Supreme Court keeps Trump on Colorado’s presidential ballot

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Supreme Court keeps Trump on Colorado’s presidential ballot:-Thursday, the U.S. Supreme Court will hear Donald Trump’s appeal of a Colorado decision that kept him off the ticket for the presidential primary because he was involved in the riots at the U.S. Capitol on January 6, 2021.

Supreme Court keeps Trump on Colorado’s presidential ballot

In a 4–3 vote in December, the Colorado Supreme Court said that Trump can’t run because of Section 3 of the 14th Amendment. The part from after the Civil War says that someone who has “engaged in insurrection” cannot take office again.

Across the country, similar lawsuits against Trump’s candidature have been made, and Maine’s Democratic secretary of state has said that he can’t be on the ballot.

If the justices don’t agree with Trump’s arguments and uphold Colorado’s decision, other states could do the same and take him off the ballot as well. This could have huge effects on this year’s presidential race.

Here is what you need to know about the part of the Constitution that will be at the centre of the arguments.

What is the 14th Amendment?

After the Civil War, the 14th Amendment to the U.S. Constitution was passed to give people who had been slaves access to the rights in the Bill of Rights. Congress passed it in June 1866, and it became law in July 1868.

It also gave people in each state the right to due process.

The U.S. Supreme Court’s decision to overturn Roe v. Wade in 2013 brought the 14th Amendment into the public eye. The 14th Amendment’s due process section has been used to protect the right to privacy, which was a key point in the 1973 Roe v. Wade decision that helped protect the right to have an abortion.

14th Amendment, Section 3 full text: What does it say about insurrection?

Section 3 of the 14th Amendment is where the argument about Trump’s possible role in the riots in the Capitol on January 6 takes place.

Section 3 states:

  • No one who took an oath as a member of Congress, an officer of the United States, a member of any State legislature, or an executive or judicial officer of any State to support the Constitution of the United States shall be a Senator, Representative, or elector of President and Vice President, or hold any civil or military office under the United States or any State. They must also not have been involved in an insurrection or rebellion after taking the oath. But with a vote of two-thirds of each House, Congress can get rid of that.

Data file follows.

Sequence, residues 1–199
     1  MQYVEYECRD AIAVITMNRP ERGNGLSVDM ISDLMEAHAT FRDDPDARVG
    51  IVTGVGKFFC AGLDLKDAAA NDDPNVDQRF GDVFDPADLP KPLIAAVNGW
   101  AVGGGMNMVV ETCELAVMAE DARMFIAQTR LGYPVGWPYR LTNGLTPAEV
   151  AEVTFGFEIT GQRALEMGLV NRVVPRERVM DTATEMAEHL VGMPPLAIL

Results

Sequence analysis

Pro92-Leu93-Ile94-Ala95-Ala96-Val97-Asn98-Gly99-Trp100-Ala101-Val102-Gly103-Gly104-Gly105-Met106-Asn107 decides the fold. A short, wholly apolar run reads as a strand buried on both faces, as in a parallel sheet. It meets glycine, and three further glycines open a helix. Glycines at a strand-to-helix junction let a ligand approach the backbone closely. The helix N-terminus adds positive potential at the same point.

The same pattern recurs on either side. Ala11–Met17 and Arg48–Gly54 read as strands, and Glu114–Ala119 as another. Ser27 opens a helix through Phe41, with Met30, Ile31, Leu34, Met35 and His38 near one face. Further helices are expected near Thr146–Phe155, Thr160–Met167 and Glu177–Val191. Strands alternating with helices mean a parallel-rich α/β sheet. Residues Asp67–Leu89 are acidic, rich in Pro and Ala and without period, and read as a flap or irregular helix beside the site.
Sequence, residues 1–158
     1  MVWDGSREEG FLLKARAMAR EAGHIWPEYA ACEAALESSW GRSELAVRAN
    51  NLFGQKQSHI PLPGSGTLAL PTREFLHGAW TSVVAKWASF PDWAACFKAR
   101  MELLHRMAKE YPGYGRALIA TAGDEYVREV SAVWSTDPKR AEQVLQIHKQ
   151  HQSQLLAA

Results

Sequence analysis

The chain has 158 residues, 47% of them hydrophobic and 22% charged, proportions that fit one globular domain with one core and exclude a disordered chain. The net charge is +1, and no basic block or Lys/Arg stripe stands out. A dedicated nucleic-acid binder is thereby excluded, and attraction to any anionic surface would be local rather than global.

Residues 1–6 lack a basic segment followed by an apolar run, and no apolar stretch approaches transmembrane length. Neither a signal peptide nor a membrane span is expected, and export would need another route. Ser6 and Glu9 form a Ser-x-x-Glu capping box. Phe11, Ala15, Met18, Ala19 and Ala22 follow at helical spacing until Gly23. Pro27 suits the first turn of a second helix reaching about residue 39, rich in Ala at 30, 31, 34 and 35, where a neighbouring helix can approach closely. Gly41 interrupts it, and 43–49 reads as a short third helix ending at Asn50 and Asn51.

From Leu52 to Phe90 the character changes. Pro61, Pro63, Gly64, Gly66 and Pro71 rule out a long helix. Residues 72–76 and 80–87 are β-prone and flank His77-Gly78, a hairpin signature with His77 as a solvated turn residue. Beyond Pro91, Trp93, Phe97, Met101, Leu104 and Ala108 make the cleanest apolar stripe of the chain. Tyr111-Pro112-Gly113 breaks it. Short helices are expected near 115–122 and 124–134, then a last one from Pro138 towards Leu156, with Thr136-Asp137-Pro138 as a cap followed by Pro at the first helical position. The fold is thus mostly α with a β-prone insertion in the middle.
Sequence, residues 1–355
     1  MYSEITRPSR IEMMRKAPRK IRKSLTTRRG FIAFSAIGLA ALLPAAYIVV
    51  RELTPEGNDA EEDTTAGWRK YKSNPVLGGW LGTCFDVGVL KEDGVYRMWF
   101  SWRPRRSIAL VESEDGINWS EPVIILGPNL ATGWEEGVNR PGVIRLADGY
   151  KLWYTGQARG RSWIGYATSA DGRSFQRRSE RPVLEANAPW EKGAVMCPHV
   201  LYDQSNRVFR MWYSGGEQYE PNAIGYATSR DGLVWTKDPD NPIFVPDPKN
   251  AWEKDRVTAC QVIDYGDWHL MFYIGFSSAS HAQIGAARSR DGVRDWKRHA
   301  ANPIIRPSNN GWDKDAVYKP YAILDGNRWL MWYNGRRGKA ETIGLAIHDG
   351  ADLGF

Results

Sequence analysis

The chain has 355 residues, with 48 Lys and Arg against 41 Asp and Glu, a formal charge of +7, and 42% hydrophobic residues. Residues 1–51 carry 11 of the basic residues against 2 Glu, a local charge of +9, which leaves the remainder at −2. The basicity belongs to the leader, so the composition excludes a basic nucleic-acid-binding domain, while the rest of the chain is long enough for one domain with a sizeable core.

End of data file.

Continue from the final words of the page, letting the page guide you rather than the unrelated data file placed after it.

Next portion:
In sumarry, it says that someone who has been insurrectionary after swearing to support the constitution (for example, when they were sworn into office) cannot hold office again.


Supreme Court keeps Trump on Colorado's presidential ballot
Supreme Court keeps Trump on Colorado’s presidential ballot


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14th Amendment, Section 3 and Trump’s 2024 presidential run

A lot of lawsuits across the country used Section 3 of the 14th Amendment to say that Trump can’t be president again. Colorado’s lawsuit was one of them.

As opposed to “Senator or Representative in Congress” in Section 3, which does talk about the office of the president, his lawyers say it was never meant to apply to that job.

Lawyers for the lawsuit and watchdog group Citizens for Responsibility and Ethics in Washington have said that Trump’s actions to change the results of the 2020 election, including his role in the attack on the U.S. Capitol on January 6, 2021, show that he was involved in an uprising. He has been charged by a federal grand jury with obstruction and plot. According to the indictment, Trump told his fans to march to the Capitol.

At first, in November, a lower court judge said that Trump would stay on the primary vote. A judge in Colorado called Trump “engaged in an insurrection,” but she said that Section 3 of the 14th Amendment did not apply to the president.

That decision was overturned by the Colorado Supreme Court.

The court wrote, “We do not come to these conclusions without much thought.” “We are aware of how big and important the questions we are facing are.” We are also aware of our solemn duty to follow the law, without fear or favour, and without letting public opinion affect the choices the law requires us to make.

The court put off making a decision until January. This gave Trump time to go to the U.S. Supreme Court with his case.

The following people have contributed: Maureen Groppe, Sudiksha Kochi, John Fritze, Aysha Bagchi, David Jackson, and Orlando Mayorquin.

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